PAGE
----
You know that weird gut feeling you get sometimes? It’s a feeling you get whenever your tired of seeing the same type of movie over and over. It’s the feeling I had after seeing over the top comedies and big action movies one after the next. Going to see Gimme Shelter was the solution.
Plot: 16-year-old Agnes “Apple Bailey (Vanessa Hudgens) is a troubled, aggresive girl who has lived in abusive environments her whole life. Apple’s mother June, played by Rosario Dawson, is a sleazy drug addict who doesn’t care much for Apple besides the extra welfare money she gets for being her parent. Apple, fed up with her living situation, sets out to find her long lost father. Upon meeting him, she finds out that he is a successful Wall Street Broker with a wife and two kids. After a dispute she leaves. Apple eventually ends up in a shelter for pregnant young women run by a spritiual women.
Main Point: Despite a line of capable actors, the film falls flat with dull dialogue and a script that does little more than go beyond standard cliches.
Slow mutterings start the movie. “I’m okay. I’m not scared. I can do this.” Apple says to herself in the mirror while chopping off her black hair strand by strand. It’s noticed from the get go that Apple is misguided, not having a clear head to make decisions. She is leaving the abusive house she lives in with her druggie mom. With an addressed letter to guide her, she lands at her long lost father’s house. Tom, her father (Brendon Fraser), greets her with a former look and a head of hair gel (typical).
Apple sticks out like a coffee stain on a t-shirt compared to Tom’s lifestyle. Tom lives with his wife and two kids in a wealthy, picket fence neighborhood. When the married couple find out Apple is pregnant, they schedule for her to get an abortion. Frustrated, she storms out and onto the streets again. Stealing a car and wrecking puts her in the hospital and under the guidance of a chaplain Father McCarthy (James Earl Jones).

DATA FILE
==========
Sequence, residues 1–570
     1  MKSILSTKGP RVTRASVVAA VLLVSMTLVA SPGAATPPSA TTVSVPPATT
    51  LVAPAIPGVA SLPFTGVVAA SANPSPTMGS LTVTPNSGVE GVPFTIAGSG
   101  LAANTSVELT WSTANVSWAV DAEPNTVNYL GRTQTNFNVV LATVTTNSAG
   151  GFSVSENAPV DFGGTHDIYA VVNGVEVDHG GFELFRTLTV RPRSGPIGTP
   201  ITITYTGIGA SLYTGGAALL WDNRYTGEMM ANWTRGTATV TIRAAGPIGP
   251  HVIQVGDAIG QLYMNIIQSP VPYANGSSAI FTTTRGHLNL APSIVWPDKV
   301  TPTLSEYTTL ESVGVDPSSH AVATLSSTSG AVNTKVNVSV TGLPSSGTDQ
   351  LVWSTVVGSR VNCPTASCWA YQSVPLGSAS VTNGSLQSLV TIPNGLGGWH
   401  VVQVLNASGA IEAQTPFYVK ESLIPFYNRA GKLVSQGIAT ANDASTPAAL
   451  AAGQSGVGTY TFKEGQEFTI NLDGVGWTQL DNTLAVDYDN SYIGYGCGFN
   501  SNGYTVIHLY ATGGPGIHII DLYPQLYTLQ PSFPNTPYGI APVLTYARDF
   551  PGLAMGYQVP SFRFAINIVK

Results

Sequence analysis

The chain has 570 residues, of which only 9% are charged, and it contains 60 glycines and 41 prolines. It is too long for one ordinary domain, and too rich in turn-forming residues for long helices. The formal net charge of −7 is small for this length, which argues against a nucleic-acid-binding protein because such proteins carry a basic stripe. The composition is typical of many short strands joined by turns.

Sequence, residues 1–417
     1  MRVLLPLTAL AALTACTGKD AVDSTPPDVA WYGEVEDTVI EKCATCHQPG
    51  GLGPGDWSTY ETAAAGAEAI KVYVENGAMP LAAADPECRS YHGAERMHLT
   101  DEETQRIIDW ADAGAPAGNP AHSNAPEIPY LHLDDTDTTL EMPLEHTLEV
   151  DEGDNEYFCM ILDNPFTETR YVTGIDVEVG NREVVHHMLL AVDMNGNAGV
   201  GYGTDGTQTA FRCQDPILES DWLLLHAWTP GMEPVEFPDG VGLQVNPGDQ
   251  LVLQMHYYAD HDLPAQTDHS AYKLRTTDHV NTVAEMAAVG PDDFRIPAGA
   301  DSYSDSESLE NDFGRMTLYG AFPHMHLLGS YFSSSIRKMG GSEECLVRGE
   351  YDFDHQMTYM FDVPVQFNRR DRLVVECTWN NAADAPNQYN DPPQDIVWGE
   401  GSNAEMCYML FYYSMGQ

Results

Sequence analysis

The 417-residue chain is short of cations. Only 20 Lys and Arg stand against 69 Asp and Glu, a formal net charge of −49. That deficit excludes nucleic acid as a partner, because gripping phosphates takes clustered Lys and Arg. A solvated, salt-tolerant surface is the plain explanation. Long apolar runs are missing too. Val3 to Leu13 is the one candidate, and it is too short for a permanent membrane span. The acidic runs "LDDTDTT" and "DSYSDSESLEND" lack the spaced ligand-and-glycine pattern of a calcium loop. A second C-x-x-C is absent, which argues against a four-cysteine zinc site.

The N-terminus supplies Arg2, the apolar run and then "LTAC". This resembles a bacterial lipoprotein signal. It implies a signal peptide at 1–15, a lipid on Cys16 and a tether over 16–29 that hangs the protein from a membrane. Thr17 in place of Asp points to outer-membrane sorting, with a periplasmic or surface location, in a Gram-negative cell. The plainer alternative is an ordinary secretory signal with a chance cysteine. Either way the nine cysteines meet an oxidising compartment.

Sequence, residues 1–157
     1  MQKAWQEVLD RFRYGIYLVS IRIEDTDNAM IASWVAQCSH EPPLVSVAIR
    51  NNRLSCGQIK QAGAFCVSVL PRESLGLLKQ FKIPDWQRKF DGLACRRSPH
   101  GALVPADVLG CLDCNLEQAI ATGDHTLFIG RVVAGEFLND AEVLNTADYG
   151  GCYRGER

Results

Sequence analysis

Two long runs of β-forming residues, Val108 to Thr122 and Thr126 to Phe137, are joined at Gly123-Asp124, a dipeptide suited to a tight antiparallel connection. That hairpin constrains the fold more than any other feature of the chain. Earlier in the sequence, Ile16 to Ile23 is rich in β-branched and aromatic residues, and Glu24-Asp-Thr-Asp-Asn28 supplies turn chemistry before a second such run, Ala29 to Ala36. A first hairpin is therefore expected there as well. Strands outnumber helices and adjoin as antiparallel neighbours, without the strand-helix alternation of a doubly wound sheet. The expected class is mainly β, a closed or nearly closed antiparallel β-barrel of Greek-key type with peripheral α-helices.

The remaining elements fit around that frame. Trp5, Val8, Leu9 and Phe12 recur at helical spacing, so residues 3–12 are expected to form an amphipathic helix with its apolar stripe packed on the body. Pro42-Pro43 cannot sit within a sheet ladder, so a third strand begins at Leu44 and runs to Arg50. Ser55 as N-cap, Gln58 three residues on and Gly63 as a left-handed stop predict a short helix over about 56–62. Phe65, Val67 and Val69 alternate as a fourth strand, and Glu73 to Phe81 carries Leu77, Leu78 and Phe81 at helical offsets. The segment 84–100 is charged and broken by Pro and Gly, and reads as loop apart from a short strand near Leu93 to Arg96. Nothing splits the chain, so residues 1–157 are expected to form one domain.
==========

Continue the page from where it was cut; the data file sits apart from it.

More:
Only halfway through runtime and the film is already unsettling. The dialogue feels weirdly unnatural. The acting and scripting does little to add originality to an environment that has been seen several times before. Apple is constantly in angst against the ones around her. Then suddenly shortly after arriving at the group home for pregnant teens, she changes. She likes the place she is at. There is stability and a sense of safety. The problem is that the viewer never sees this. The script does nothing to make it seem like a new sense of being has been developed. The idea that Apple has developed close relationships and belonging with all the girls feels false. There wasn’t enough building. The whole film starts to feel like a gimmicky PBS TV special.
The start of the film was promising but interest quickly drops after Apple is taken into the care of the priest and group home. Despite the lacking script, Vanessa Hudgens, Brendon Fraser and Rosario Dawson give refreshing performances. This just isn’t the best work to see these actors in. Hudgens shines farther with her acting chops in The Frozen Ground and Dawson with her performance in Kids. Rating: C